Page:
David Bourget (Western Ontario)
David Chalmers (ANU, NYU)
Rafael De Clercq
Jack Alan Reynolds
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International Studies in the Philosophy of Science 20 (1):81 – 91 (2006)
Prandtl's work on the boundary layer theory is an interesting example for illustrating several important issues in philosophy of science such as the relation between theories and models and whether it is possible to distinguish, in a principled way, between pure and applied science. In what follows I discuss several proposals by the symposium participants regarding the interpretation of Prandtl's work and whether it should be characterized as an instance of applied science. My own interpretation of this example (1999) emphasised the degree of autonomy embedded in Prandtl's boundary layer model and the way it became integrated in the larger theoretical context of hydrodynamics. In addition to extending that discussion here I also claim that the characterization of applied science which formed the basis for the symposium does not enable us to successfully distinguish applied science from the general practice of 'applying' basic scientific knowledge in a variety of contexts.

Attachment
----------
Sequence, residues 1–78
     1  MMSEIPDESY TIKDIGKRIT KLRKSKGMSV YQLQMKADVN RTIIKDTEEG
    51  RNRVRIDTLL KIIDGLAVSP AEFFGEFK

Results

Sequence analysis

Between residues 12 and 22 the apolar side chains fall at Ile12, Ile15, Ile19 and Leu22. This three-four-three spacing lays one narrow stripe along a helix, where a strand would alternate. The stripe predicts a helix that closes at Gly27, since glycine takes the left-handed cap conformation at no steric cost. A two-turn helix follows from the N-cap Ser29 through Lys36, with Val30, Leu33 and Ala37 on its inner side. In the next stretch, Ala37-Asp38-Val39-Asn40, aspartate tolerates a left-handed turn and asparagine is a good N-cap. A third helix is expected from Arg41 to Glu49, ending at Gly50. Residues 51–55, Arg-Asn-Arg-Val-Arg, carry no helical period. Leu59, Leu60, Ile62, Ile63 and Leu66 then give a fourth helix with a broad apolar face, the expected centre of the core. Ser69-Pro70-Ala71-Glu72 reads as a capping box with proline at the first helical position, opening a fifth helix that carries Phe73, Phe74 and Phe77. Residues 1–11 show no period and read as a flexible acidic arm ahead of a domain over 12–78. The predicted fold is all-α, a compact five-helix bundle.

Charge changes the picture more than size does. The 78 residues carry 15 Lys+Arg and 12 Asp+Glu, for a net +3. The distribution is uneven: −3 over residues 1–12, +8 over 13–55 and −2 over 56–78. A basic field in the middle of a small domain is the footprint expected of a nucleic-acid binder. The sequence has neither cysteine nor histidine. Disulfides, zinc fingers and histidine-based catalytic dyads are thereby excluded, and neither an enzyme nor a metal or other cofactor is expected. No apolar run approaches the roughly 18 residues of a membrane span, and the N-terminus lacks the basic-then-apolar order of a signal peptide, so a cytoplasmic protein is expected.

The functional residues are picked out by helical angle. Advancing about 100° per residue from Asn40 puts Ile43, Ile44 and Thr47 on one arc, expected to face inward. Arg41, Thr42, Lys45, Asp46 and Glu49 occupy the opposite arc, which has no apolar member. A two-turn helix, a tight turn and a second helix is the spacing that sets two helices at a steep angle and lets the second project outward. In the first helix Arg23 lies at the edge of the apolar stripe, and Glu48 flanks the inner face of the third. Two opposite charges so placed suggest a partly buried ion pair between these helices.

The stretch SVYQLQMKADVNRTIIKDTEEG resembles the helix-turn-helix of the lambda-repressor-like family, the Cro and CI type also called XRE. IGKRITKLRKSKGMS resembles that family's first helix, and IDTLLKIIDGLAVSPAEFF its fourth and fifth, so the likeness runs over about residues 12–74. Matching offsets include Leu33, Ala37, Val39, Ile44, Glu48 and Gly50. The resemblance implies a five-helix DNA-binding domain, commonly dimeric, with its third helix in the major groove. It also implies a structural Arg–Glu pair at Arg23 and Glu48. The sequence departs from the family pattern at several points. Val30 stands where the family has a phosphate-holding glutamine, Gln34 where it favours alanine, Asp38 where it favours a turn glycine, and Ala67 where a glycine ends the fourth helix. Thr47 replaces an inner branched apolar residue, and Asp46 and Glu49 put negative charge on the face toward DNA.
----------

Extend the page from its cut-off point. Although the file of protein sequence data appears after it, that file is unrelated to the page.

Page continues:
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Robert W. P. Luk (2010). Understanding Scientific Study Via Process Modeling. Foundations of Science 15 (1):49-78.
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